Bassett, Keith. 2014. “Rancière, Politics, and the Occupy Movement.” Environmental and Planning D: Society and Space 32:886–901.

Garić-Humphrey, Nataša. 2020. “Negotiating “True” Politics: Intergenerational Dynamics During Social Uprising in Sarajevo, Bosnia-Herzegovina.” In PoLAR: Political and Legal Anthropology Review 43 (1): 69-86.

Gilbert, Andrew. 2018. “‘Tri Vjere, Jedna Nacija, Država Tuzla!’ Football Fans, Political Protest and the Right to the City in Postsocialist Bosnia–Herzegovina.” Soccer & Society 19 (3): 373–99.

Greenberg, Jessica. 2014. After the Revolution: Youth, Democracy, and the Politics of Disappointment in Serbia. Stanford, California: Stanford University Press.

Hajdarpašić, Edin. 2015. Whose Bosnia? Nationalism and Political Imagination in the Balkans, 1840-1914. Ithaca: Cornell University Press.

Hromadžić, Azra. 2015. Citizens of an Empty Nation: Youth and State-Making in Postwar Bosnia-Herzegovina. Philadelphia: University of Pennsylvania Press.

—.  2016. “Affective Labour: Work, Love, and Care for the Elderly in Bihać.” In S. Jansen, Č. Brković and V. Čelebičić (Eds.) Negotiating Socialities in Bosnia and Herzegovina. Ashgate Publishers: Southeast European Studies.

Jansen, Stef. 2015. Yearnings in the Meantime: “Normal Lives” and the State in a Sarajevo Apartment Complex. Berghahn Books.

Kapetanović, Emir. 2018. ReGeneration. Directed by Emir Kapetanović. Sarajevo, Bosnia and Herzegovina: Magacin Kabare.

Kurtović, Larisa. 2016. “‘Who Sows Hunger, Reaps Rage’: On Protest, Indignation and Redistributive Justice in Post-Dayton Bosnia-Herzegovina.” Southeast European and Black Sea Studies, 1–21.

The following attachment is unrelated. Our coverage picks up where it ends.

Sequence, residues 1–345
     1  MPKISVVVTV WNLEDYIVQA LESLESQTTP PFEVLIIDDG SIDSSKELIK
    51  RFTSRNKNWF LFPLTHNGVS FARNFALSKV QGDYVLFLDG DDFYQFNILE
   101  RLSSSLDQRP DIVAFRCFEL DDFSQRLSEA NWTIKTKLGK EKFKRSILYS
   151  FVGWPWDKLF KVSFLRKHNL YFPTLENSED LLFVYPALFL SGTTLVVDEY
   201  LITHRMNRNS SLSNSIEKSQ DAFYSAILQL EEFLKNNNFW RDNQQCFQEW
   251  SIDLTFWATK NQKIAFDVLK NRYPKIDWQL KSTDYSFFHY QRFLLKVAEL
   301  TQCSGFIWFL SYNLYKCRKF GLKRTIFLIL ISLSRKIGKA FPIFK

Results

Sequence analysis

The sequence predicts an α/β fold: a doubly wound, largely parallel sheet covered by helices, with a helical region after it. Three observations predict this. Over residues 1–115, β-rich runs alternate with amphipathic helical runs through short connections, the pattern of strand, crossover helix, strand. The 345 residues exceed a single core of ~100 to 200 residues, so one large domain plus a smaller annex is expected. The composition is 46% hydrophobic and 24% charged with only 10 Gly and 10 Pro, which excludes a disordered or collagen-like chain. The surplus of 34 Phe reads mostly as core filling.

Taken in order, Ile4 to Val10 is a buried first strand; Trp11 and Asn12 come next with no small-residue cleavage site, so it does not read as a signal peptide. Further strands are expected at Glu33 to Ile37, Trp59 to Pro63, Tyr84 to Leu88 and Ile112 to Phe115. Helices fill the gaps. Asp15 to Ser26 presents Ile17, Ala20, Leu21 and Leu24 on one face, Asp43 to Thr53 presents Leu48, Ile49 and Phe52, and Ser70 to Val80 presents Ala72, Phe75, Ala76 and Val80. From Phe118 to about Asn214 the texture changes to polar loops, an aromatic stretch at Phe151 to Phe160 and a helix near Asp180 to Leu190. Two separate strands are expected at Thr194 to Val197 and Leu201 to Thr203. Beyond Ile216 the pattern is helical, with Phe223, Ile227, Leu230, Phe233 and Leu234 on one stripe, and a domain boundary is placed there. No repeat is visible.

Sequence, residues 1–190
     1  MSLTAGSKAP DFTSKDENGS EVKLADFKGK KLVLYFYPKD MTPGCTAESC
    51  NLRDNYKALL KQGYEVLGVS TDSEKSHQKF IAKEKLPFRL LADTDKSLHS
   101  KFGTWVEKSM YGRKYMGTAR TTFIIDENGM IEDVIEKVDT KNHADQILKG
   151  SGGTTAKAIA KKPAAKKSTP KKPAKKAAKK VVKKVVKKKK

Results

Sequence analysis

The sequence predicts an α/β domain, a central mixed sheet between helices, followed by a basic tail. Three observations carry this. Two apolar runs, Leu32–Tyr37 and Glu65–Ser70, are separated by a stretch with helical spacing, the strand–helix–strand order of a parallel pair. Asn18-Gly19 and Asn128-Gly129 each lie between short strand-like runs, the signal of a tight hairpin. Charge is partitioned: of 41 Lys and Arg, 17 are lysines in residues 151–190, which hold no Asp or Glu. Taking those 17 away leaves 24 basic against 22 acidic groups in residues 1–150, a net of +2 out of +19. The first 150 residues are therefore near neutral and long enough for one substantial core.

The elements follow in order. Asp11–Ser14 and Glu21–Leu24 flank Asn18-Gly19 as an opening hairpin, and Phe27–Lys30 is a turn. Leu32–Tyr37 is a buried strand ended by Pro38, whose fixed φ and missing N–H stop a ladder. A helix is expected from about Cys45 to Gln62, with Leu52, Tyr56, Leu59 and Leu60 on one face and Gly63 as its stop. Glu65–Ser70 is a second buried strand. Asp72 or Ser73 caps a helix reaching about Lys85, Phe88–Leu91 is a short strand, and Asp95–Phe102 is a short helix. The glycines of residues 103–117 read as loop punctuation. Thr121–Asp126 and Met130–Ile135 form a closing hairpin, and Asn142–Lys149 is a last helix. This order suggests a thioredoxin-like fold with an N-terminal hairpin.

—. 2018. “Conjuring ‘the People’: The 2013 Babylution Protests and Desire for Political Transformation in Postwar Bosnia-Herzegovina.” Focaal 2018 (80): 43–62.

Kurtović, Larisa and Azra Hromadžić. 2017. “Cannibal States, Empty Bellies: Protest, History and Political Imagination in post-Dayton Bosnia.” Critique of Anthropology. 37(3): 262-296.

Lamb, Sarah. 2015. “Generation in Anthropology.” In International Encyclopedia of the Social and Behavioral Sciences Second Edition 9: 853-56.

—. 2010. “Rethinking the Generation Gap: Age and Agency in Middle-Class Kolkata.” Journal of Aging, Humanities, and the Arts: Official Journal of the Gerontological Society of America 4 (2): 83–97.

Mannheim, Karl (1952). “The Problem of Generations”. In Kecskemeti, Paul (ed.). Essays on the Sociology of Knowledge: Collected Works, Volume 5. New York: Routledge. p. 276–322.

Novak, Shannon. 2017. “Corporeal Congregations and Asynchronous Lives: Unpacking the Pews at Spring Street.” American Anthropologist 119(2):236-252.

Rancière, Jacques. 1999. Disagreement: Politics and Philosophy. Translated by Julie Rose. Minneapolis: University of Minnesota Press.

—. 2004. The Politics of Aesthetics: The Distribution of the Sensible.Translated, with an introduction by Gabriel Rockhill. New York: Continuum International Publishing Group.

Šestan, Samir. 2014. “Ja Sam Budućnost – Da Li Ti Se Sviđam?” E-Novine, February 9, 2014. http://www.e-novine.com/index.php?news=98629 (accessed February 10, 2014). [The original in E-Novine is no longer available, but the text is available here: https://www.sodalive.ba/kolumne/ja-sam-buducnost-da-li-ti-se-svidam/]

About Jennifer Curtis

Jennifer Curtis is an Honorary Fellow in Social Anthropology at the University of Edinburgh: http://www.sps.ed.ac.uk/staff/social_anthropology/curtis_jennifer.

Leave a Reply

Fill in your details below or click an icon to log in:

WordPress.com Logo

You are commenting using your WordPress.com account. Log Out /  Change )

Google photo

You are commenting using your Google account. Log Out /  Change )

Twitter picture

You are commenting using your Twitter account. Log Out /  Change )

Facebook photo

You are commenting using your Facebook account. Log Out /  Change )

Connecting to %s